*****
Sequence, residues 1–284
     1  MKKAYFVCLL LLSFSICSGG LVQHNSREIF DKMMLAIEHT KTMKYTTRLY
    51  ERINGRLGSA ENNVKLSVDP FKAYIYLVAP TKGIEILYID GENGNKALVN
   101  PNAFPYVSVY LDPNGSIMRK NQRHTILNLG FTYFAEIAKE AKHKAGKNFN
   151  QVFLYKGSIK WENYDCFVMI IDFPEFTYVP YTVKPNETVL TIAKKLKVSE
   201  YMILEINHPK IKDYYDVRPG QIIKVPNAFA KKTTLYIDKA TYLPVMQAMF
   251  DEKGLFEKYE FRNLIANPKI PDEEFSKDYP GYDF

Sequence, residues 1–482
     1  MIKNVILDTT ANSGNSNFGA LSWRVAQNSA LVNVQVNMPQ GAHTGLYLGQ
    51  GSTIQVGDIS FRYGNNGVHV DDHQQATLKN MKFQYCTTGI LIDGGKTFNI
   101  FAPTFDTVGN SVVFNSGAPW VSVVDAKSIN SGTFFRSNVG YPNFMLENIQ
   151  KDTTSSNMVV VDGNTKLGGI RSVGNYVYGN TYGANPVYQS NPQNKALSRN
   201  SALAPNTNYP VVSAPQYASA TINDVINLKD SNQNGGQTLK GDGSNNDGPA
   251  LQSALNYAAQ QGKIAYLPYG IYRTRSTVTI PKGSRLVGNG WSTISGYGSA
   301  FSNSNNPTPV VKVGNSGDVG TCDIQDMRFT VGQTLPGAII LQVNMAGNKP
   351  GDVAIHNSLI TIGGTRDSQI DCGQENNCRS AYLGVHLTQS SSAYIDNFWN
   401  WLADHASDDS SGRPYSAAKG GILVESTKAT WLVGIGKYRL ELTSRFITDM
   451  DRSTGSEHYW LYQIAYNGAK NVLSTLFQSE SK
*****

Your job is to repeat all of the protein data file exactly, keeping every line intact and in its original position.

Sequence, residues 1–284
     1  MKKAYFVCLL LLSFSICSGG LVQHNSREIF DKMMLAIEHT KTMKYTTRLY
    51  ERINGRLGSA ENNVKLSVDP FKAYIYLVAP TKGIEILYID GENGNKALVN
   101  PNAFPYVSVY LDPNGSIMRK NQRHTILNLG FTYFAEIAKE AKHKAGKNFN
   151  QVFLYKGSIK WENYDCFVMI IDFPEFTYVP YTVKPNETVL TIAKKLKVSE
   201  YMILEINHPK IKDYYDVRPG QIIKVPNAFA KKTTLYIDKA TYLPVMQAMF
   251  DEKGLFEKYE FRNLIANPKI PDEEFSKDYP GYDF

Sequence, residues 1–482
     1  MIKNVILDTT ANSGNSNFGA LSWRVAQNSA LVNVQVNMPQ GAHTGLYLGQ
    51  GSTIQVGDIS FRYGNNGVHV DDHQQATLKN MKFQYCTTGI LIDGGKTFNI
   101  FAPTFDTVGN SVVFNSGAPW VSVVDAKSIN SGTFFRSNVG YPNFMLENIQ
   151  KDTTSSNMVV VDGNTKLGGI RSVGNYVYGN TYGANPVYQS NPQNKALSRN
   201  SALAPNTNYP VVSAPQYASA TINDVINLKD SNQNGGQTLK GDGSNNDGPA
   251  LQSALNYAAQ QGKIAYLPYG IYRTRSTVTI PKGSRLVGNG WSTISGYGSA
   301  FSNSNNPTPV VKVGNSGDVG TCDIQDMRFT VGQTLPGAII LQVNMAGNKP
   351  GDVAIHNSLI TIGGTRDSQI DCGQENNCRS AYLGVHLTQS SSAYIDNFWN
   401  WLADHASDDS SGRPYSAAKG GILVESTKAT WLVGIGKYRL ELTSRFITDM
   451  DRSTGSEHYW LYQIAYNGAK NVLSTLFQSE SK